The final month (and three days in October) of the regular season completed another miserable collapse for the New York Mets. The signs of hope that a solid finish in August could parlay the Mets back into the playoff race crashed with a thud as the Mets went 12-18 down the stretch to finish eight games below .500 and in third place in the National League East.
The trouble started when the Mets dropped four out of six to the Washington Nationals and Miami Marlins in a stretch where every win counted. A Subway Series victory, highlighted by a three-homer night from Francisco Lindor, got the Mets back to .500 but they proceeded to go 1-10 over their next 11 games to get eliminated from the postseason before the final week even started. A 4-3 mark over their last seven games added some lipstick to the pig but the fact that the Mets became the first team in baseball history to spend over 100 days in first place while finishing with a losing record indicates that plenty of changes need to be made in the future.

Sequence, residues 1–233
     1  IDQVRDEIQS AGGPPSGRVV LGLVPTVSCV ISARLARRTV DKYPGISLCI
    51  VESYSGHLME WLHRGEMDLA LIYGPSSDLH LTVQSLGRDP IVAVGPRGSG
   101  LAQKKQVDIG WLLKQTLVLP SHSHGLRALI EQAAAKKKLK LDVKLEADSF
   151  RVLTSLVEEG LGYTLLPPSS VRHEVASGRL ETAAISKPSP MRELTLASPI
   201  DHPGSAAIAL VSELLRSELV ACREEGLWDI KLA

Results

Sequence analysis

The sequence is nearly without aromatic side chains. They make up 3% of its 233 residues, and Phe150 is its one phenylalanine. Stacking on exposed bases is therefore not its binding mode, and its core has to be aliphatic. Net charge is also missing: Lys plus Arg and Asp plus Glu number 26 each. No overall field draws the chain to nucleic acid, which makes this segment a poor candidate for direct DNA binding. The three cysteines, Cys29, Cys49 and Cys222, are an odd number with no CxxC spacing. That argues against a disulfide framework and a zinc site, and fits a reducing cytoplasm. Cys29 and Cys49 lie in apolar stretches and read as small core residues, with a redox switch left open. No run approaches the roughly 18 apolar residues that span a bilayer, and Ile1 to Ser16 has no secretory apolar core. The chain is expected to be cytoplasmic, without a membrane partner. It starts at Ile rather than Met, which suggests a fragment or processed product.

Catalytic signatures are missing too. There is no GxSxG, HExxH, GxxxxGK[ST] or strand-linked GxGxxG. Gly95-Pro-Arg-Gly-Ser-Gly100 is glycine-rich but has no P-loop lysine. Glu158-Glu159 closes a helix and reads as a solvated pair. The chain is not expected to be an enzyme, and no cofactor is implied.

There were some positives to take out of September, however, including a solid finish from Lindor, who hit .267 with nine home runs and 25 RBI’s while compiling a .933 OPS in 27 games, offering hope that he will be a dominant force in 2022. Pete Alonso (.272/8/18), Javier Baez (.347/5/14), Brandon Nimmo (.271/3/6) and Michael Conforto (.275/4/19) also picked up their performance in the final month of the year.
The Mets’ highlight on the mound was the successful return of Noah Syndergaard from Tommy John surgery. Syndergaard had a great showing in his first outing, tossing a scoreless inning while striking out a pair of Marlins’ hitters, while his second was a bit more of a struggle. The month of September also saw the Mets get good efforts out of Rich Hill (1-2, 2.84 ERA in six starts) and Aaron Loup (2-0, 0.00 ERA in 12 appearances) among others.
The poor finish to the season will undoubtedly lead to plenty of changes. Luis Rojas was let go today and should be the first domino to fall both on and off the field. The 2022 Mets will look drastically different from the 2021 version and poor showings like the one they got in September are a big part of the reason why.